Open Access Research article

The Lablite project: A cross-sectional mapping survey of decentralized HIV service provision in Malawi, Uganda and Zimbabwe

Adrienne K Chan12, Deborah Ford3*, Harriet Namata4, Margaret Muzambi5, Misheck J Nkhata1, George Abongomera4, Ivan Mambule6, Annabelle South3, Paul Revill7, Caroline Grundy3, Travor Mabugu5, Levison Chiwaula1, Fabian Cataldo1, James Hakim5, Janet Seeley8, Cissy Kityo4, Andrew Reid5, Elly Katabira6, Sumeet Sodhi1109, Charles F Gilks11, Diana M Gibb3 and the Lablite Team

Author Affiliations

1 Dignitas International, Zomba, Malawi

2 Division of Infectious Diseases, Department of Medicine, University of Toronto, Toronto, Canada

3 MRC Clinical Trials Unit at University College London, London, U.K

4 Joint Clinical Research Centre, Kampala, Uganda

5 University of Zimbabwe, Harare, Zimbabwe

6 Infectious Diseases Institute, Makerere University, Mulago, Uganda

7 Centre for Health Economics, University of York, York, UK

8 MRC/UVRI Uganda Research Unit of AIDS, Entebbe, Uganda

9 Department of Family and Community Medicine, University of Toronto, Toronto, Canada

10 Department of Family and Community Medicine, University Health Network, Toronto Western Hospital, Toronto, Canada

11 School of Population Health, University of Queensland, Queensland, Australia

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BMC Health Services Research 2014, 14:352  doi:10.1186/1472-6963-14-352

Published: 19 August 2014



In sub-Saharan Africa antiretroviral therapy (ART) is being decentralized from tertiary/secondary care facilities to primary care. The Lablite project supports effective decentralization in 3 countries. It began with a cross-sectional survey to describe HIV and ART services.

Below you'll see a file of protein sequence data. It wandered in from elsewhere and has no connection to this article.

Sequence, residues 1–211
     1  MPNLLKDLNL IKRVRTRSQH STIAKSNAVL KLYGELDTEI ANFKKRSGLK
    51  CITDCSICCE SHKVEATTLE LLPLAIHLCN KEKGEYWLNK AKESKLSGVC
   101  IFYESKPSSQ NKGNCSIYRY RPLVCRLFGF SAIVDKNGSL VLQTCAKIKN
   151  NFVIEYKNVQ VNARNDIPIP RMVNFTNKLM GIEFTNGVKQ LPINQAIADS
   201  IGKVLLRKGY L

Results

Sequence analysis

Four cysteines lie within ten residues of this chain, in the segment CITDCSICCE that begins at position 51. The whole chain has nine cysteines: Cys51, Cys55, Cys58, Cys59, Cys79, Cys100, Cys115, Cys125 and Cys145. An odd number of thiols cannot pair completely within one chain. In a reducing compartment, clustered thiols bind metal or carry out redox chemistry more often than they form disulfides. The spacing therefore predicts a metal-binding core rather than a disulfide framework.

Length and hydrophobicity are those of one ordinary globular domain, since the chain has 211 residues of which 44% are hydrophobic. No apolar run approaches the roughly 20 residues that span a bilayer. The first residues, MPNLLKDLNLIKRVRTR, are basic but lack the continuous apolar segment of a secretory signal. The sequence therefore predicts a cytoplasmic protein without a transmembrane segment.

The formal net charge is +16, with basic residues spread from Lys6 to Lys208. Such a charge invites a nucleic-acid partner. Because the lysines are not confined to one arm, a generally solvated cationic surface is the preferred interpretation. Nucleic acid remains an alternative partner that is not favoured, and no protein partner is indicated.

81 purposively sampled health facilities in Malawi, Uganda and Zimbabwe were surveyed.


The lowest level primary health centres comprised 16/20, 21/39 and 16/22 facilities included in Malawi, Uganda and Zimbabwe respectively. In Malawi and Uganda most primary health facilities had at least 1 medical assistant/clinical officer, with average 2.5 and 4 nurses/midwives for median catchment populations of 29,275 and 9,000 respectively. Primary health facilities in Zimbabwe were run by nurses/midwives, with average 6 for a median catchment population of 8,616. All primary health facilities provided HIV testing and counselling, 50/53 (94%) cotrimoxazole preventive therapy (CPT), 52/53 (98%) prevention of mother-to-child transmission of HIV (PMTCT) and 30/53 (57%) ART management (1/30 post ART-initiation follow-up only). All secondary and tertiary-level facilities provided HIV and ART services. In total, 58/81 had ART provision. Stock-outs during the 3 months prior to survey occurred across facility levels for HIV test-kits in 55%, 26% and 9% facilities in Malawi, Uganda and Zimbabwe respectively; for CPT in 58%, 32% and 9% and for PMTCT drugs in 26%, 10% and 0% of facilities (excluding facilities where patients were referred out for either drug). Across all countries, in facilities with ART stored on-site, adult ART stock-outs were reported in 3/44 (7%) facilities compared with 10/43 (23%) facility stock-outs of paediatric ART. Laboratory services at primary health facilities were limited: CD4 was used for ART initiation in 4/9, 5/6 and 13/14 in Malawi, Uganda and Zimbabwe respectively, but frequently only in selected patients. Routine viral load monitoring was not used; 6/58 (10%) facilities with ART provision accessed centralised viral loads for selected patients.


Although coverage of HIV testing, PMTCT and cotrimoxazole prophylaxis was high in all countries, decentralization of ART services was variable and incomplete. Challenges of staffing and stock management were evident. Laboratory testing for toxicity and treatment effectiveness monitoring was not available in most primary level facilities.

HIV services; Sub-Saharan Africa; Antiretroviral therapy rollout; Primary care health facilities; Stock-outs; Decentralization